“Your line looks so nice”  “Your line is so straight.”  The hallway of the elementary school is a parade ground for teachers. Under the watchful gaze of administration, guests and colleagues, teachers march their classes up and down the hall and they are judged.

The above video is of my students from last year walking to class from breakfast. You might think this video shows improvement or, that students worked very hard and finally learned how to walk in a line. The problem is you would be wrong. The first section of the video was shot on one day. The second part the next day. There is only one difference. My use of performance specific praise.

Is the line straighter? Do students demonstrate more muscular control? Do I sound like I am in charge? Yes, but there are other consequenses. This straight line requires enourmous effort on my part and my students. It also takes three times as long to walk from point A to point B which cuts into our learning time in the classroom which is the point. Isn’t it?

Much of the respect afforded a colleague inside an elementary school is based on several inconsequential factors. How your students walk down the hall. What you display on a bulletin board. How your students behave in assemblies. The funny thing is none of these situations has to do with learning, yet this is how we judge and are judged. The basis of these judgments is an either or condition. Are you in control?  Are you in control of your class? Do students stand up straight, put their finger on their lips, walk in a straight line? Most of all are they quiet?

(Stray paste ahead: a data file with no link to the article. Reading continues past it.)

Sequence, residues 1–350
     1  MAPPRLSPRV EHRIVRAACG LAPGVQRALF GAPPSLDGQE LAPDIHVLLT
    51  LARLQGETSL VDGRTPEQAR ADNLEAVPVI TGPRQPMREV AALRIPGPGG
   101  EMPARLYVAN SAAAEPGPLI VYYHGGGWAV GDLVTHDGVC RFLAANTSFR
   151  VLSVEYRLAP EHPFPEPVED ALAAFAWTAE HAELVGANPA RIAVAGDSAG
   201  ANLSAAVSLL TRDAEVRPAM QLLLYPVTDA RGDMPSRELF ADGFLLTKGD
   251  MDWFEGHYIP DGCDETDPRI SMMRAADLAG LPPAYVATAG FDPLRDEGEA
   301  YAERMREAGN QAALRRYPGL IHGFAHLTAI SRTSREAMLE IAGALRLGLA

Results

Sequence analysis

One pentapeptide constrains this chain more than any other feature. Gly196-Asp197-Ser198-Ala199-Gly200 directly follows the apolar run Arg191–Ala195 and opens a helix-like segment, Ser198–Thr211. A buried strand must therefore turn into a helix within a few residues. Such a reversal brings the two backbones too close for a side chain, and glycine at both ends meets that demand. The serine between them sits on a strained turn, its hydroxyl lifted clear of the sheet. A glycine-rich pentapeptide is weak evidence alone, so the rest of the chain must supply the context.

My students are not quiet in the hall. As a preschool teacher I am the first teacher many students have. I must set the tone.

When a class is taking a test you don’t want to disturb the students. This is important but, does not happen every day.

As an artist I am drawn to questioning, civil disobedience, and a playful sense of learning. Why should the condition of a good teacher be control? What if our basis for judgment is learning. Are your students learning in your classroom. Are your students learning in the hallway. In some struggling schools fifth grade classes have begun to post weekly test scores outside of their classroom. These scores are presented in a graph that compares class to class and the numbers of students passing as compared to failing. This causes another judgment. Are you in control of your test scores?

I decided I wanted to be judged by the quality of my students learning and the best available way to do this was to become a National Board Certified Teacher. (NBCT) I know there are detractors from this process but, it is better than being judged by how straight my line is.

Image: J.M. Holland (Slide use CC with credit)



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